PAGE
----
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When Snohomish City Council members voted to ban recreational marijuana businesses in the city, they joined a growing rebellion against the state’s newest industry.
For months, there’s been a drumbeat of panic that new water quality standards based on how much fish people eat could drive Boeing and other companies out of Washington.
The financial stakes of the state’s new marijuana industry are no longer theoretical.
Our state’s super wealthy social changers are at it again. Two years after their money helped make charter schools possible, the Ballmers, the Gateses and Nick Hanauer are using some of their loose millions to try to tighten gun laws in Washington.
Finesse is a word rarely used to describe Gov. Jay Inslee’s approach to fashioning policy.
Rarely can the lack of action trigger so much reaction as it did last week when Tim Eyman didn’t do something he so often does — turn in signatures for an initiative.
State Superintendent of Public Instruction Randy Dorn doesn’t want to use the word “failing” when talking about Washington’s public schools.
Washington’s newest ferry went into service Monday amid the concerns of two lawmakers that a flawed design is causing some vehicles to bottom out as they transition from ramps onto upper parking decks.
Amid the dialectic contours in Olympia, they are trying to figure out if influence can be peddled with a few bags of Doritos or a $12 meal.
That venerable adage ‘It’s not what you say, it’s how you say it’ came to mind Tuesday as President Barack Obama departed the Oso firehouse. Not because the communicator-in-chief had just provided three cringe-worthy moments with his tortured pronunciation of the town’s name.
Sometimes it takes a calamity to move anything through Congress. In the case of the Green Mountain Lookout, it took a tragedy for federal lawmakers to keep an iconic structure exactly where it is.
No one could be happier to see state lawmakers wrap up and head home than Gov. Jay Inslee. They departed and won’t return until January, 2015.
Gov. Jay Inslee’s call to raise money for schools by closing tax breaks put the education funding debate back in the laps of lawmakers this week and in the conversation with voters this fall. Inslee’s plan to generate $200 million in new taxes by eliminating or revising seven exemptions is a slimmed down version of the billion-dollar plus tax package rejected by a Republican-led majority in the Senate a year ago.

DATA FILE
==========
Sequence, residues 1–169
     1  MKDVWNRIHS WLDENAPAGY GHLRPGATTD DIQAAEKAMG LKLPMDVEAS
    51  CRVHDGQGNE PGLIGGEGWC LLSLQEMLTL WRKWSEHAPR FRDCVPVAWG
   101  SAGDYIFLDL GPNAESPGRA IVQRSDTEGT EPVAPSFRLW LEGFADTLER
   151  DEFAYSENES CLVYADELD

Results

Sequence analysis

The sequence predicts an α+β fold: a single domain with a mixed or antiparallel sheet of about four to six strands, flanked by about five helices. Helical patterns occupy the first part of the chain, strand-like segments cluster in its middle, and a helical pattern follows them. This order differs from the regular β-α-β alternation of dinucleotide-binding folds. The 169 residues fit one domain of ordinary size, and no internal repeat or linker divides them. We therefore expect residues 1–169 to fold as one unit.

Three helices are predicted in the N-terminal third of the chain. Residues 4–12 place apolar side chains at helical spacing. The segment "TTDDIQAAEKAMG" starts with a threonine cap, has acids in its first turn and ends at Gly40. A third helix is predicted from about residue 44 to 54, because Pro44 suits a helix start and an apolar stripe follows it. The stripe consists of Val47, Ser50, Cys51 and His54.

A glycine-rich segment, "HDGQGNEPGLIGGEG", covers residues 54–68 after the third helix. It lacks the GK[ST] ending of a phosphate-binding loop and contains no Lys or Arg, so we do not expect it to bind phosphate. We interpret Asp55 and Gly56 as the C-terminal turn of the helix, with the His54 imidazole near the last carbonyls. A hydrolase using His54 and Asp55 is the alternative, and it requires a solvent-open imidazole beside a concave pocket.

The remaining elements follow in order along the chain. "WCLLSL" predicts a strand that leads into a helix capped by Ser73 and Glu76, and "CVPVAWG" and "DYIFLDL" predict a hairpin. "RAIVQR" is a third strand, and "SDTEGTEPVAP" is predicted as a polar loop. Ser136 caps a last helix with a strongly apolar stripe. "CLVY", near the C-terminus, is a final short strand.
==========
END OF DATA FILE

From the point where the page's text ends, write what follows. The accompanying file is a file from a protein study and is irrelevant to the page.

There is no mystery which Democrat will succeed Sen. Paull Shin in the state Senate. Rep. Marko Liias has been the only person seeking the vacancy created when Shin resigned Jan. 7 after being diagnosed with Alzheimer’s disease. Liias is expected to be formally nominated Saturday by Democratic precinct committee officers in the 21st Legislative District and officially appointed Tuesday by the Snohomish County Council.
A preview of coming attractions and distractions for lawmakers next year can be found in the pile of legislation awaiting them when they return to Olympia in January. There have been 59 bills filed early — 38 in the House and 21 in the Senate — dealing with specialty license plates and protecting hospital employees from violent criminals, as well as naming a state waterfall and ensuring natural disasters don’t shut down government. Here’s a sample of new laws House and Senate members are already pushing:
It’s been 33 years since voters chose a Republican governor in Washington. It’s been even longer since a member of the Grand Old Party got elected from the 38th Legislative District to the state House of Representatives. You have to go back half a century to find the last one — Jack Metcalf, a Whidbey Island Republican who won a House seat when the district’s boundaries encompassed parts of Snohomish and Island counties.
When Everett Democrat Nick Harper abandoned his state Senate seat earlier this month, you might have thought voters would be the ones to pick his replacement. You’d have been right 100 years ago. Not today. Washington’s original state constitution required that special elections be held to fill vacancies in the House or Senate. A change enacted in 1929 shifted the state to an appointment process and put county councils in charge of finding suitable successors from any political party.
Initiative 522 failed to pass for more reasons than just the $22 million opponents shelled out to defeat it. All those bucks certainly made a difference; it was the most money ever spent against an initiative in state history, so far. Had those pushing the food labeling initiative done a better job seeding their message throughout the state and tilling the fields of voters, they could have harvested victory.